Wildland fuel characteristics are used in many applications of operational fire predictions and to understand fire effects and behaviour. Even so, there is a shortage of information on basic fuel properties and the physical characteristics of wildland fuels. The Fuel Characteristic Classification System (FCCS) builds and catalogues fuelbed descriptions based on realistic physical properties derived from direct or indirect observation, inventories, expert knowledge, inference, or simulated fuel characteristics. The FCCS summarizes and calculates wildland fuel characteristics, including fuel depth, loading, and surface area. Users may modify fuelbeds and thereby capture changing fuel conditions over time and (or) under different management prescriptions. Fuel loadings from four sample fuelbed pairs (i.e., pre- and post-prescribed fire) were calculated and compared by using FCCS to demonstrate the versatility of the system and how individual fuel components, such as shrubs, nonwoody fuels, woody fuels, and litter, can be calculated and summarized. The ability of FCCS to catalogue and summarize complex fuelbeds and reflect dynamic fuel conditions allows calculated results to be used in a variety of applications including surface and crown fire predictions, carbon assessments, and wildlife habitat management.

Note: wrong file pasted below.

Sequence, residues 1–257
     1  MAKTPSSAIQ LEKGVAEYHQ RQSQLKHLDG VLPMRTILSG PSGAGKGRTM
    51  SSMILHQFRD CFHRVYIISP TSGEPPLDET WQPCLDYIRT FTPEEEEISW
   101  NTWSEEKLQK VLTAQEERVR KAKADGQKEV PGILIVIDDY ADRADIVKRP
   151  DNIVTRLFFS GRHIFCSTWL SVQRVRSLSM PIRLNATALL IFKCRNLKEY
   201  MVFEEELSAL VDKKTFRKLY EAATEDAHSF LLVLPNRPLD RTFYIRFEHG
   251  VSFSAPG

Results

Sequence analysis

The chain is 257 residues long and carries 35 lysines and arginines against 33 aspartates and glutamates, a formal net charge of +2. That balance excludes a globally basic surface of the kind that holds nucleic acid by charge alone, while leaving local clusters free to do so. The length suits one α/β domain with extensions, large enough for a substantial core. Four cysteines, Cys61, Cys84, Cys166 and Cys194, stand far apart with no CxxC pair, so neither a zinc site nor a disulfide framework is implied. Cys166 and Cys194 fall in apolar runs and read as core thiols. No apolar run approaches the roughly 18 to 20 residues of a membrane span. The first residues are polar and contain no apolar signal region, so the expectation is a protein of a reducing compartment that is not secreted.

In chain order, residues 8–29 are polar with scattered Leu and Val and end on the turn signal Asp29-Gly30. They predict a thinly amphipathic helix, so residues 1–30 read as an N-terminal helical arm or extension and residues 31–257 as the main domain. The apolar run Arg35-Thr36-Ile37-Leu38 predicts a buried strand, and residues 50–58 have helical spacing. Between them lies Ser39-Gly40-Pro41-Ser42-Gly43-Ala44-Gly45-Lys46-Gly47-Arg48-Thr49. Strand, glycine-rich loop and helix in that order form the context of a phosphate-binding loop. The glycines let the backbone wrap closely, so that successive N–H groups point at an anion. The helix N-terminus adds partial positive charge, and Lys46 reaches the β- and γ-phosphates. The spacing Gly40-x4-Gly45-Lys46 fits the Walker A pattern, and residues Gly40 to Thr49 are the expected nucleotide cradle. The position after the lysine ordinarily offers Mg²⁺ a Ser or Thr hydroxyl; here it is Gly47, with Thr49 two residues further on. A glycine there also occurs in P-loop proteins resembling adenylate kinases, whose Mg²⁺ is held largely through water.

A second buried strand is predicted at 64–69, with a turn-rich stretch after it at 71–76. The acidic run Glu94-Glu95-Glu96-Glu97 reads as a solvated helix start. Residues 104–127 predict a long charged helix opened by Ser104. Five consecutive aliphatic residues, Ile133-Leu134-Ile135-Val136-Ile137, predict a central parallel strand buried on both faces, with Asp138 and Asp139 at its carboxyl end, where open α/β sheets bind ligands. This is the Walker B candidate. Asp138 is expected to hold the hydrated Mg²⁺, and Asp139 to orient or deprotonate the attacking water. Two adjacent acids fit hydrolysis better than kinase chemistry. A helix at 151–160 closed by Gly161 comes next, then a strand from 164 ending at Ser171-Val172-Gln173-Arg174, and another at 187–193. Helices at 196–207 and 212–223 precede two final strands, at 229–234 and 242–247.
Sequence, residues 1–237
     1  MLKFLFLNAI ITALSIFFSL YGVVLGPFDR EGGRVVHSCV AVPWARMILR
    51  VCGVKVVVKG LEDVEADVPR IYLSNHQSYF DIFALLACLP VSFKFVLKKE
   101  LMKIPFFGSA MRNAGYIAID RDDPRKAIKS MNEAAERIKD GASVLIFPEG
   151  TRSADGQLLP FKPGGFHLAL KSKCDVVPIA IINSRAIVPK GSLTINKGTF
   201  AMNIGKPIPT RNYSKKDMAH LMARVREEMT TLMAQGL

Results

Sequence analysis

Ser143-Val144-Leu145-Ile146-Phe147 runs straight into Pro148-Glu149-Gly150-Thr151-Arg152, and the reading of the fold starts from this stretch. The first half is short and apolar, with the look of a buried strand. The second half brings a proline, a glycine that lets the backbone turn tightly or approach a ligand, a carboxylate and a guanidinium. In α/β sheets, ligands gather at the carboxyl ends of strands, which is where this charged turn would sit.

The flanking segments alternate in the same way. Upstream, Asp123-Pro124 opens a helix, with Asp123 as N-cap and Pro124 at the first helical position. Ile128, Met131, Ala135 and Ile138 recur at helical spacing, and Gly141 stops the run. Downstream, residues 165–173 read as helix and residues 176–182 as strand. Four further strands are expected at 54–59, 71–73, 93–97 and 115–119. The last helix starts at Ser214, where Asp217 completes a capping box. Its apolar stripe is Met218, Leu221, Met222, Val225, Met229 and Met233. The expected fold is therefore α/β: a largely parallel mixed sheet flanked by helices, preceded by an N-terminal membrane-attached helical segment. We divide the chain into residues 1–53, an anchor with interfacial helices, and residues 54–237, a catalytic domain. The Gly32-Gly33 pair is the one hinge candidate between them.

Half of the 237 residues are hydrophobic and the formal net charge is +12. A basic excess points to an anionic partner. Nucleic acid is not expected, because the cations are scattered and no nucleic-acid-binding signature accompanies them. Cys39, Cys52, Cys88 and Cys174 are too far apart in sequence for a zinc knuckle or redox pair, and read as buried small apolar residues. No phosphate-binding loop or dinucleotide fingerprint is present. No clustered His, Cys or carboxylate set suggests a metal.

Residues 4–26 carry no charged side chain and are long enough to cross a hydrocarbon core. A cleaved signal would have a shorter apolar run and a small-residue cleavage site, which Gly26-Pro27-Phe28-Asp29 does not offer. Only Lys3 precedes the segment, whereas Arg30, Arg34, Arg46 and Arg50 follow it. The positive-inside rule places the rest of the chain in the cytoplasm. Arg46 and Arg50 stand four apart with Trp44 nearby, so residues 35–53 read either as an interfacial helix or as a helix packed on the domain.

Riccardi, Cynthia L.; Prichard, Susan J.; Sandberg,David V.; Ottmar, Roger D. 2007. Quantifying physical characteristics of wildland fuels using the fuel characteristic classification system. Canadian Journal of Forestry Research. 37: 2413-2420